Cyprus Mail

President says caution needed over Chagos ruling

President Nicos Anastasiades and Defence Minister Savvas Angelides on Tuesday highlighted that the opinion of the International Court of Justice (ICJ) which found the process of British decolonisation in Mauritius was not lawfully completed when that country gained independence, cannot immediately guide Cyprus’ actions in view of the Sovereign Base Areas (SBA).

The ICJ opinion stated that the UK is under an obligation to end its administration of the Chagos Archipelago as swiftly as possible. The case is seen as a test of the legitimacy of deals struck between great powers and small states at the end of the colonial era, which could also include Cyprus.

The legal service said on Monday that it would study the opinion in detail, which Anastasiades and Angelides stressed on Tuesday must precede any developments in view of the British Bases.

“It is an advisory opinion and the issue is not only about studying it, it is also about if, whether and when you raise a similar request, and whether this is warranted,” Anastasiades said.

Speaking on Active radio on Tuesday, defence minister Savvas Angelides said that we should not rush and not directly link the two cases, believing that we have found the solution for the British bases and that they will leave immediately.

Initially, Angelides said, the ICJ’s opinion must be studied and evaluated by the legal service, after which its opinion must be placed before the government in a way that does not attempt to steer opinion, so that the government can make its own decisions.

“Each case brought before a court is decided upon on the basis of it own set of circumstances,” Angelides noted, adding that we should not rush to directly correlate the opinion on the Chagos Islands with the British bases.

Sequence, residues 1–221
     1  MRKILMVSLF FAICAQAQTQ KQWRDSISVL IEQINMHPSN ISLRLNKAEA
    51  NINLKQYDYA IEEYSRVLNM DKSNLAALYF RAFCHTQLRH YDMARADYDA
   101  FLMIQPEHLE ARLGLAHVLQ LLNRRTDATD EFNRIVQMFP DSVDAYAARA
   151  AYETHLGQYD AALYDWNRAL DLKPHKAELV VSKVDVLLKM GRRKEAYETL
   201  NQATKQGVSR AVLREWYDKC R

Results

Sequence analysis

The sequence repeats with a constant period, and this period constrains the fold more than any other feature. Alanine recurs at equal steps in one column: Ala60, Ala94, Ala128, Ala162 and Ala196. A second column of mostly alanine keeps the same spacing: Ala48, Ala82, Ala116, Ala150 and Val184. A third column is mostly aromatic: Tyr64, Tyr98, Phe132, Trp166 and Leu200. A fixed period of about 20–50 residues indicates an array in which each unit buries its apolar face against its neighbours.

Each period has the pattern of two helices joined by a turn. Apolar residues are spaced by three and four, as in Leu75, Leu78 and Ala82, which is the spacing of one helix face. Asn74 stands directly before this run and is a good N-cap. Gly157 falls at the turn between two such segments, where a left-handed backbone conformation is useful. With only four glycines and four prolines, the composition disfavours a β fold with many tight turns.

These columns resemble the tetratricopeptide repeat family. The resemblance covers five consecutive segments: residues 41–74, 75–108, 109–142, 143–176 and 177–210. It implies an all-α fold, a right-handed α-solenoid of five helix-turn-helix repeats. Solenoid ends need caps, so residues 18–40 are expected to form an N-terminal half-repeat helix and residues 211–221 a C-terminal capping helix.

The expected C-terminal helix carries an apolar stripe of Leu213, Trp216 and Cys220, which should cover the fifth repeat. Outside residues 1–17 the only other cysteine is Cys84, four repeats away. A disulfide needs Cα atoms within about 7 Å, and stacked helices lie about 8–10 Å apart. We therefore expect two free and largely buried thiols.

Angelides highlighted the need for political parties to avoid taking advantage of this decision to pressure the government into taking certain measures prior to the evaluation of the opinion by the legal service.
Nevertheless, political leaders rushed to issue reactions on Tuesday to the ICJ’s opinion.

Ruling party Disy described the opinion as “historic”, but noted that the government can only move forward following the objective legal advice of the legal service.

Opposition Akel said that without disregarding the differences in the cases of Mauritius and Cyprus, as events developed in the former prior to independence while for Cyprus the formation of the British bases were part of its independence treaty, the importance of the ICJ’s decision for Cyprus is self-evident.

Diko said that colonial remnants do not belong in a European country of the 21st century, noting that it holds the government responsible for the fact that Cyprus was not involved as a litigant in the Mauritius case, or why Cyprus has not begun a similar process for itself.

Edek noted that the opinion defeats efforts by the British to assert that the bases are legitimate and sovereign.

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